ABSTRACT: The gene encoding Babesia bovis rhoptry-associated protein 1 (RAP-1) was used to develop an enzyme-linked immunosorbent assay (ELISA) to measure specific antibodies against B. bovis. The B. bovis RAP-1 gene was subcloned into a baculovirus transfer vector, and the RAP-1 protein was expressed in insect cells infected with a recombinant baculovirus. The recombinant B. bovis RAP-1 of 65 kDa was detected with anti-RAP-1 mouse serum by Western blotting, and this recombinant RAP-1 was used as an antigen in the ELISA. The ELISA was able to differentiate between B. bovis-infected sera and B. bigemina-infected sera or noninfected normal bovine sera. The results demonstrate that the recombinant RAP-1 expressed in insect cells might be a useful antigen for the detection of antibodies to B. bovis.Journal of Clinical Microbiology 11/2002; 40(10):3771-5. · 4.07 Impact Factor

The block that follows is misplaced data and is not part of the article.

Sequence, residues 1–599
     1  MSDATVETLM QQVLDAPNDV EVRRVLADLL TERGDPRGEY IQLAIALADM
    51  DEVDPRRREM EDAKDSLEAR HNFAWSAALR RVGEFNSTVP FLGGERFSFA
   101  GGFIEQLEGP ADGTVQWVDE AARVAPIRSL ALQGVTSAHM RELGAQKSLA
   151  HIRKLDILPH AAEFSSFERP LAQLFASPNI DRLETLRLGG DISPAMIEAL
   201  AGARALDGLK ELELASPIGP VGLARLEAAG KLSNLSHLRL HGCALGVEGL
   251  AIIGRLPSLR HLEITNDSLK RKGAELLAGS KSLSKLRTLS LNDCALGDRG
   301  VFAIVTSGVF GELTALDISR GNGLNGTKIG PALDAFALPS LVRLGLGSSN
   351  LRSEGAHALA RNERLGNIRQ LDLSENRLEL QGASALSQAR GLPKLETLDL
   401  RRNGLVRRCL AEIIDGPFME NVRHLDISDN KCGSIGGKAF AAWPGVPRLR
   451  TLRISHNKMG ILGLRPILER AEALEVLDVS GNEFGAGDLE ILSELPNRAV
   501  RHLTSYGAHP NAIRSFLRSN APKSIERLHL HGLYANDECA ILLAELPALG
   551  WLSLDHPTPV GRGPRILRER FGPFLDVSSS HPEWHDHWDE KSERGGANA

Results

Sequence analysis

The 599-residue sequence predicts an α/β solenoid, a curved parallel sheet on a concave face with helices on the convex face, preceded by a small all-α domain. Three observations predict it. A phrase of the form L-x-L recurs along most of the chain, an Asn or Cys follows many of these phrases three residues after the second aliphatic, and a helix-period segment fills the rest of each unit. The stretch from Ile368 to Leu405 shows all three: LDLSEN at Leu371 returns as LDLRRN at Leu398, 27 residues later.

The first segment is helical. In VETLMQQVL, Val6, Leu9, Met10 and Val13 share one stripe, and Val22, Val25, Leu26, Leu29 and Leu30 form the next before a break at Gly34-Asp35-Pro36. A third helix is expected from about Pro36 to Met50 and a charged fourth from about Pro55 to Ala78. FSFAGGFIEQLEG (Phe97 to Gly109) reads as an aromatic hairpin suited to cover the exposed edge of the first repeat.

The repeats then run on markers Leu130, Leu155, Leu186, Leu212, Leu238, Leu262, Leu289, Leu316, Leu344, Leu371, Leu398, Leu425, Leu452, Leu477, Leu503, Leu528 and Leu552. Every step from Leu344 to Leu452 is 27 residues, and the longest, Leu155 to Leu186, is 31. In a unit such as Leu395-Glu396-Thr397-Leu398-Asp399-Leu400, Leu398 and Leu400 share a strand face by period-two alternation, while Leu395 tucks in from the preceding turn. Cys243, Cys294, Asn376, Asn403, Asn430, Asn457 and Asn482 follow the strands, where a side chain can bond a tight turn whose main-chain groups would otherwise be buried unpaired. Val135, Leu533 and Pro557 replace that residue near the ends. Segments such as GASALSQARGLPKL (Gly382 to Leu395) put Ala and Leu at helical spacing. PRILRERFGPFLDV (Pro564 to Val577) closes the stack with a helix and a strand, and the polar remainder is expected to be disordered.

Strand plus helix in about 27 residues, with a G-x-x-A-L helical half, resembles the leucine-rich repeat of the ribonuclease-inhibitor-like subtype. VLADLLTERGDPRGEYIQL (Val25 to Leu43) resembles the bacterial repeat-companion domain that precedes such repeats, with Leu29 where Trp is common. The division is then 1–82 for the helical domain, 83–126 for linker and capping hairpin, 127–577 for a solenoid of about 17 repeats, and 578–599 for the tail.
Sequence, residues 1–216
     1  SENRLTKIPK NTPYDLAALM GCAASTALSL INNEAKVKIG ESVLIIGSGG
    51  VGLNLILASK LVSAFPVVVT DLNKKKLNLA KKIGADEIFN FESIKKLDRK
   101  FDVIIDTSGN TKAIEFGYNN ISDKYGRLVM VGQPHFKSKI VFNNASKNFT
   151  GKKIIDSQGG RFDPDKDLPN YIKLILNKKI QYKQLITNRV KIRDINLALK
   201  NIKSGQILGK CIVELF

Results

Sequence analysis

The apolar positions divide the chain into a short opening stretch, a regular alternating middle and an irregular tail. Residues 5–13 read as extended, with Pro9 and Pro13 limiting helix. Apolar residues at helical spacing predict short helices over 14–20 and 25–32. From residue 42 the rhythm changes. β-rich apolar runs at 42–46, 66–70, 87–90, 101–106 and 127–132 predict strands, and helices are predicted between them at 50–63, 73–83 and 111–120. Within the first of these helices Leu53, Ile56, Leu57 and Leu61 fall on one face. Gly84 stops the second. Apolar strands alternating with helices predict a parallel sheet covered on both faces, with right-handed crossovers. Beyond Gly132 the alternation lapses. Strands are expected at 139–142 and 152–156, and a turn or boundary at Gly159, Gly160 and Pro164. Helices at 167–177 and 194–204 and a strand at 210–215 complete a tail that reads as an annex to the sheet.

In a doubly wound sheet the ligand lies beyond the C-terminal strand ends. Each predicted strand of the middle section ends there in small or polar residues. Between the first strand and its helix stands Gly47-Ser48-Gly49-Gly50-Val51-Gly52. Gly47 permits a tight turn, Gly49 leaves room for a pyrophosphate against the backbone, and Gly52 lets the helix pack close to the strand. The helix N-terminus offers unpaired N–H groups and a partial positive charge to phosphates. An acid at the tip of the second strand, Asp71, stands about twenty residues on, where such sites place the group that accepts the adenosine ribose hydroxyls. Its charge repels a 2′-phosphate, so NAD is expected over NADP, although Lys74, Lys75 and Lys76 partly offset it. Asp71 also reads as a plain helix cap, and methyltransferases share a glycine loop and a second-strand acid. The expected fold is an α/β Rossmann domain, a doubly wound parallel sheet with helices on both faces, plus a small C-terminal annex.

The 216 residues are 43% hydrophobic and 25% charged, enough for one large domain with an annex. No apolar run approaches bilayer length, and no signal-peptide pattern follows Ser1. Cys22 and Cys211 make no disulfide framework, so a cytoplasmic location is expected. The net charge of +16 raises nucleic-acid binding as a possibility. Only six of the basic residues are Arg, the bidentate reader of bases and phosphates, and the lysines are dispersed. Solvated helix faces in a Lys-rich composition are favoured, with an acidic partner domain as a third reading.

- [show abstract] [hide abstract]